NASA Discovers Water Ice Hiding Below the Surface of Mars

Humans have long been trying to explore the planets present in the solar system, focusing on the availability of water that is necessary for drinking or creating rocket fuel. During the hunt for water on neighboring Mars, NASA has released a “treasure map” of potential ice locations on the red planet. After thoroughly analyzing the position of the water ice on the Red Planet, NASA will zero down on a landing site on Mars.

The researchers have also claimed that the ice is so close to the surface, it could be easily accessed with simple tools. To build the first Martian research station, satellites orbiting Mars can help scientists to determine the most appropriate places. They used the Mars Climate Sounder on the Mars Reconnaissance Orbiter (MRO) and the Thermal Emission Imaging System (THEMIS) instrument on Mars Odyssey orbiter to gather the data. Both of these tools can detect heat. The tools helped the scientists to generate a map of where the ice is trapped below the surface.

Treasure Map and Landing Site

According to a National Aeronautics and Space Administration (NASA) report, a new paper published in Geophysical Research Letters provides a map of this water ice below. The water ice map of Mars is given here. The blue and purple indicate water ice less than one foot (30 cm) below the surface. The light color indicates they are close to the surface than the warm colors. The black zones indicate the areas where a spacecraft may sink into a fine dust. To represent the ideal region where the astronauts may dig up water ice, they outlined the area with a box.

Sylvain Piqueux, the lead author of NASA's Jet Propulsion Laboratory in Pasadena, California, said, "You wouldn't need a backhoe to dig up this ice. You could use a shovel."

"We're continuing to collect data on buried ice on Mars, zeroing in on the best places for astronauts to land," he added. The scientists mostly prefer northern and southern mid-latitudes because of more sunlight and temperatures than the poles. But the northern hemisphere is preferred for landing that is lower in elevation, giving a preferable atmosphere to a slow landing spacecraft.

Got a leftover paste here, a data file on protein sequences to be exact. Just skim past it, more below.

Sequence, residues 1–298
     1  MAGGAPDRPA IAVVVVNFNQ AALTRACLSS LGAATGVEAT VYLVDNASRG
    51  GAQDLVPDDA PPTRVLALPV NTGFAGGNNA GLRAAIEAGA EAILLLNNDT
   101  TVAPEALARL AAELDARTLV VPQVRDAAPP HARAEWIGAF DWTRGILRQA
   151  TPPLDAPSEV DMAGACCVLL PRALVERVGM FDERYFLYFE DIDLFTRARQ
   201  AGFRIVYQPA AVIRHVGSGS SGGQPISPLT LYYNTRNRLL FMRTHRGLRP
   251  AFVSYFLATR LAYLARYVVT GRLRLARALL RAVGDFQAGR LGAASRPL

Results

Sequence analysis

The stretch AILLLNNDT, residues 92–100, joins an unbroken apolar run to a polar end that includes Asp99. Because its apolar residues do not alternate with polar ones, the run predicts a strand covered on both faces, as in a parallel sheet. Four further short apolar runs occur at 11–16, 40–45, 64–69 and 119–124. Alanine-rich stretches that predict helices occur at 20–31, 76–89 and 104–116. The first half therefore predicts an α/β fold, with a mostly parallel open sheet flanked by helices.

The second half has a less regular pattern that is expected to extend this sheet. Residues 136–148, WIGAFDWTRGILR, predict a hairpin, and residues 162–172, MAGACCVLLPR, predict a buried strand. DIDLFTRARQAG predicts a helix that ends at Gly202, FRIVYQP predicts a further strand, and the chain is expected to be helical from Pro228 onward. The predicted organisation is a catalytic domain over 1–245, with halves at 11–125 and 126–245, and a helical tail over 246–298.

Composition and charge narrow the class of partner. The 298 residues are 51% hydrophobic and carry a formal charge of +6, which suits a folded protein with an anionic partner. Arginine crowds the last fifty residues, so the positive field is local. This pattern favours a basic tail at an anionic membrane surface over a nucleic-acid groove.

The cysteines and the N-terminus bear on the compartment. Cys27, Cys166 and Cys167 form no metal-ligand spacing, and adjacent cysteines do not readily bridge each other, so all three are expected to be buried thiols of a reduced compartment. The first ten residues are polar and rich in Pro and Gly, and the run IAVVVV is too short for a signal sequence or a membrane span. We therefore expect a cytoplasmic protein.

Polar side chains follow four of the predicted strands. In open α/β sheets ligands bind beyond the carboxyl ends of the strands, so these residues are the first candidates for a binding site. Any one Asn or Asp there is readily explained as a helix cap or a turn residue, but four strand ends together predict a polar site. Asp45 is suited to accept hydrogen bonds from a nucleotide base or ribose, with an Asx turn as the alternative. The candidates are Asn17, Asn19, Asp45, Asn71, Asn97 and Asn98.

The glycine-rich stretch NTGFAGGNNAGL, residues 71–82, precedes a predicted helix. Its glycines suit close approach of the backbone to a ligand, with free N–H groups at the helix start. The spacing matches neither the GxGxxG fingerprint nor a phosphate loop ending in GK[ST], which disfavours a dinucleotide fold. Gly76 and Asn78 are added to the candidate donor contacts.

Buried Treasure Ice Water on Mars

The air pressure on Mars is very low, and liquid water can't last in the thin air. It immediately evaporates from a solid to a gas when exposed to the atmosphere. Martian water ice is locked away underground throughout Mars's mid-latitudes. NASA's Phoenix lander closely observed the regions near the pole, which scraped up ice. The study's authors relied on MRO and THEMIS, two of the heat-sensitive instruments to find ice. Do you know the reason behind using these heat-sensitive instruments? It is the changing temperature of the Martian surface by buried water ice.

What About the Next Step?

To continue the study of buried ice across different reasons, Piqueux is planning a comprehensive campaign. It also aims to observe how the abundance of this resource changes over time. MRO Deputy Project Scientist Leslie Tamppari of JPL said, "The more we look for near-surface ice, the more we find."

"Observing Mars with multiple spacecraft over the course of years continues to provide us with new ways of discovering this ice," he added.